China’s investment in Sri Lanka is often portrayed as “debt trap diplomacy”. In that sense, what’s your opinion on how the CPC project will help in handling Sri Lanka’s debt?
Once our Government came into office, we took a very clear policy decision that we will try to reduce our debt-making projects as much as possible, so that we will be curtailing our debt. Because, during the last Government, the country borrowed about $ 10 billion in international sovereign bonds at very high rates of interest. So, they put pressure on our economy. As such, what we are searching for is non-debt inflows into the country.
With this particular project, the investment of $ 1.4 billion is a non-debt-creating inflow as far as Sri Lanka is concerned. This project has been done by the CHEC Port City, not by Sri Lanka, and we have not spent a cent on this project. And as a result of the project, we will now have an asset that is going to generate income, which is going to contribute to GDP (gross domestic product), which is going to generate taxes as a result.
In addition to that, Sri Lanka will receive as much as 62 hectares of land. Even at the rate of about $ 2,500 per square metre of land, we hope we should be able to receive at least $ 1.5 billion or more, which means that these are the additional benefits that Sri Lanka is going to get.
That’s why I think it sits very well in our overall plan of non-debt inflows as well as foreign exchange inflows coming into the country, and also in terms of economic activity and employment being generated – all those factors are met by this project.
As far as Sri Lanka is concerned, we were never in a debt trap, because our debt-to-GDP ratios were in very good shape. I think this reasoning was only pushed in order to sell the Hambantota Port at that time. The previous Government did that. We had absolutely no problem paying off the loans that were taken in order to build the Hambantota Port. This was all a facade that was built.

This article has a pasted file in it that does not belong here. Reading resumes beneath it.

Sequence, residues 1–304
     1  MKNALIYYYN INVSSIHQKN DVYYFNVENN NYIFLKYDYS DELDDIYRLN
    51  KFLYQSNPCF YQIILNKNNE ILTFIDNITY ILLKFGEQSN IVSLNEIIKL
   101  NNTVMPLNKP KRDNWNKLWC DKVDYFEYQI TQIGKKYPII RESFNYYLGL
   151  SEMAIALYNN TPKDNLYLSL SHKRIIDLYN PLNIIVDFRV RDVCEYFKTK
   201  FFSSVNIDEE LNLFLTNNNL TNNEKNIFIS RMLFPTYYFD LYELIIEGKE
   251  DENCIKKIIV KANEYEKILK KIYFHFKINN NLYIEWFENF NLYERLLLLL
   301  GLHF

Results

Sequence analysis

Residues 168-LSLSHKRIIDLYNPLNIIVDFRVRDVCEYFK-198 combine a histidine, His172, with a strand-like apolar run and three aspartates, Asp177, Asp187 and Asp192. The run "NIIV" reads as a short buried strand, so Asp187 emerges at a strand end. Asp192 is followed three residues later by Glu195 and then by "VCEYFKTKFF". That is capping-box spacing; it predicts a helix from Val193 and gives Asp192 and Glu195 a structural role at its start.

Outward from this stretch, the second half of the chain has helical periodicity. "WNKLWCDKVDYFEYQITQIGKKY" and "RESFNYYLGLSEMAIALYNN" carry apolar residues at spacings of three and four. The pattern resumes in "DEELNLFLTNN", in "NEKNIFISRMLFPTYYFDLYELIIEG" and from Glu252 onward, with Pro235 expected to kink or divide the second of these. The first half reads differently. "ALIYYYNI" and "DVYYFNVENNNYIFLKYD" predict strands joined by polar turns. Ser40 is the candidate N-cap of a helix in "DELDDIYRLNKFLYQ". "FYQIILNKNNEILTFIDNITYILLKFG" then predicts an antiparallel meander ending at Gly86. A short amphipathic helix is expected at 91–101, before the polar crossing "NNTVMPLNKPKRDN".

The majority of the members of the CPC Economic Commission are to be Sri Lankans as per the Supreme Court determination. How will this be implemented?
Actually, there wasn’t a Supreme Court decision. It was our Government’s reaction to some of the concerns that people expressed. The Supreme Court did not give any direction on that.
We also know that the people of this country were concerned because of what happened in the past; when the last Government appointed a foreigner as the Governor of the Central Bank, we all know what happened.
As a result of that, people are now weary when they see it could happen again. They are also concerned about whether these top positions being manned by people who are not Sri Lankans could in any way affect Sri Lanka’s forward march.
The President said that a majority of the commission members would be Sri Lankans and that the Chairman would be a Sri Lankan.
Sri Lanka is considered vital to China’s Belt and Road Initiative (BRI) because of its strategic geographical location. Will the CPC serve as a template for the BRI?
Well, it is in that route, but it’s not part of the BRI plan. It is a city that is being developed in Sri Lanka that is a part of Sri Lanka and part of the Colombo District. So, whether it can fit into that particular initiative, whether it can be a geographical location where the East and the West can both do business at the same time through Sri Lanka, or whether it is a city that is chosen by many people because of its geographical location as well as time zone, is up to the person who is making the investment.
I think in that sense, we are lucky that various people can find various reasons to come and be a part of this commercial city. If we can reap the benefits of those investments coming into Sri Lanka, then we will certainly welcome it.
The Supreme Court also determined that the power granted to the CPC Economic Commission to make rules, give tax exemptions, control public funds, etc., is inconsistent with Articles 76, 3, and 4 of the Constitution, and that these need to be handled by Parliament. What is your opinion?